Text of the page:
Call for Papers
The Chicana M(other)work Anthology: Porque Sin Madres No Hay Revolución
Deadline for Abstracts: December 15, 2016
The Chicana M(other)work anthology aims to bring together emerging scholarship and testimonios by self-identified Chicana and Women of Color Mother-scholars as well as allies who center mothering as transformative labor through an intersectional lens. In this book, we use Chicana M(other)work as a concept and project informed by our shared gendered, classed, and racialized experiences. Through Chicana M(other)work, we provide a framework for institutional transformation which makes feminized labor visible and prioritizes collective action and holistic healing to envision and enact socially just futures for mother-scholars, our children, and our communities. This anthology will illuminate how Chicana and Women of Color mother-scholars survive and thrive while mothering our children, ourselves, and our communities in all the spaces we inhabit.
We encourage submissions (scholarly essays, narratives, stories, and testimonios) that amplify the lived experiences of Chicana mothers and Mothers of Color, which showcase how mothering is an act of transformative labor within and outside academia. While we center our concept of Chicana M(other)work, we welcome contributions not only from self-identified Chicanas but also from Women of Color, transwomen of color, gender non-conforming people of color, and allies who address women of color mothering and parenting in their work. This anthology will prioritize submissions that focus on at least one of the following themes:
Separation, Migration, State Violence, Detention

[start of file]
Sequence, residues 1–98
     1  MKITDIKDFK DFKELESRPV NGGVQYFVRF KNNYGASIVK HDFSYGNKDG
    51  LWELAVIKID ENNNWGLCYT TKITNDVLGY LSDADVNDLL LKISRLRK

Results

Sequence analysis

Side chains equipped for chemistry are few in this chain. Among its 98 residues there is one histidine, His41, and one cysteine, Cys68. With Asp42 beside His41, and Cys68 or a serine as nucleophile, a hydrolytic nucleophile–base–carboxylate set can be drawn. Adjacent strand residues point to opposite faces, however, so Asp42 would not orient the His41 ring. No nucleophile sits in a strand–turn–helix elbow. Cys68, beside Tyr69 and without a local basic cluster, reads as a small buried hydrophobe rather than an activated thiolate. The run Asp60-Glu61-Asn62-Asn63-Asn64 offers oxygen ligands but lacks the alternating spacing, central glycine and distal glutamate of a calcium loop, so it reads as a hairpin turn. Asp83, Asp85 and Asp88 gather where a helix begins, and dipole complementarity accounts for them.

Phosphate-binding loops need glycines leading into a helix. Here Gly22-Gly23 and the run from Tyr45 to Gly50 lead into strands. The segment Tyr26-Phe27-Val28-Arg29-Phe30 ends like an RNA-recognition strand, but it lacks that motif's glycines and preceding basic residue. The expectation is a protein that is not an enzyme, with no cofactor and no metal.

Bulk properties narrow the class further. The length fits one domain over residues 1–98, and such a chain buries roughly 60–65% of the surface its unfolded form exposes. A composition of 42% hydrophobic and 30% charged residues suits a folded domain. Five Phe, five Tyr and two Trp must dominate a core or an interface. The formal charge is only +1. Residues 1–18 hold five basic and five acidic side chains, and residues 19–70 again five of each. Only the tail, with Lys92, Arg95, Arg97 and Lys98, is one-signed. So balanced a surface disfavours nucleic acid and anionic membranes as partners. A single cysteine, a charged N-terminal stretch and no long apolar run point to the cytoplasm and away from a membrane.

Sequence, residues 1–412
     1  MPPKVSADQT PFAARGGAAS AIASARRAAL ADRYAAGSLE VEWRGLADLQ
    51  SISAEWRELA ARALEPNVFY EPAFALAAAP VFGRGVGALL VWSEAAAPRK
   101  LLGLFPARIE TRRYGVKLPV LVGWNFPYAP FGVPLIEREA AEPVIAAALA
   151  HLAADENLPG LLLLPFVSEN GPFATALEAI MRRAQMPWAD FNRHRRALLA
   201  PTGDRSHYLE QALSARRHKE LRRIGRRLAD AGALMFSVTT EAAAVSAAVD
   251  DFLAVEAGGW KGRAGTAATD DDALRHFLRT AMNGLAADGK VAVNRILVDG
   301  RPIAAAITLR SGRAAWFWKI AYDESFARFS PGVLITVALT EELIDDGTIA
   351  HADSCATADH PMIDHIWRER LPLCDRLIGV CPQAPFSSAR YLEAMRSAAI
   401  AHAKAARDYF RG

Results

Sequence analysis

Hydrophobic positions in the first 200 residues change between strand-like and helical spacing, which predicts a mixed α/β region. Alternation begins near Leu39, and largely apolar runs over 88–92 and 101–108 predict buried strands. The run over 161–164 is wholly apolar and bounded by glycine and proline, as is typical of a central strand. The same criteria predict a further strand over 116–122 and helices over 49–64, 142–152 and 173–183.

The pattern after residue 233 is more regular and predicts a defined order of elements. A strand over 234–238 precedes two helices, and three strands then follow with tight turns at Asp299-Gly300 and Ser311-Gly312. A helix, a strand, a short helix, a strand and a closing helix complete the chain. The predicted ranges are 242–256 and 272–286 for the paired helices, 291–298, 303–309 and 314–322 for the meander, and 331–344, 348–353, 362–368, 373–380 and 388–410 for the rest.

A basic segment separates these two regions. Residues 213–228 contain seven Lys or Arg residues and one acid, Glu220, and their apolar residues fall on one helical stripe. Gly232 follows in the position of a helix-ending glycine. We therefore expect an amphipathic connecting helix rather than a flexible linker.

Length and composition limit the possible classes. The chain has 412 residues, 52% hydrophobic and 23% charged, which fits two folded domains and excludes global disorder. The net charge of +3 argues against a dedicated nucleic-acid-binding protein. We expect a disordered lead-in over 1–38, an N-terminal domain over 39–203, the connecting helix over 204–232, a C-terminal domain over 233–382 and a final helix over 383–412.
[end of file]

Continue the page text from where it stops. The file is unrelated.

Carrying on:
Chicana/Latina/Women of Color Mother-Activists
Mother of Color Testimonios
Loss, Reproductive Justice and Choice, Holistic Pregnancy
When referring to Chicana mothers, we invite a broad range of mother-scholars, including but not limited to those who identify as Afro-Chicana, Chicana/Xicana, Latina, and Xicana-Indigena. Moreover, we look forward to submissions that are informed by our concept of Chicana M(other)work but also welcome contributions from self-identified women of color, including but not limited to Arab/Arab American women, South/Asian/Asian American women, Black/African/African American women, Indigenous women, Latin American women, Pacific Islander women, and other writers from the Global South. This anthology also encourages contributions from asexual, bisexual, gay, intersex, lesbian, gender non-conforming, pansexual, trans, and queer individuals. We welcome scholars from any academic stage, including Ph.D. students, contingent faculty and adjuncts, tenure-track and tenured faculty, and those who were pushed out of the academy. Also, we recognize there is risk in sharing our narratives while in hostile spaces. As such, we welcome papers from authors who wish to remain anonymous in the final publication. Please communicate with the editors to indicate your preferences.
The deadline for abstracts is December 15, 2016. For consideration, please submit a 250 word abstract in a Microsoft Word document to email@example.com. If accepted, full-length chapter manuscripts will be due by April 2017. We will accept full papers with a maximum of 7000 words, including references. All manuscripts must be double-spaced and use 12-point Times New Roman font in APA style.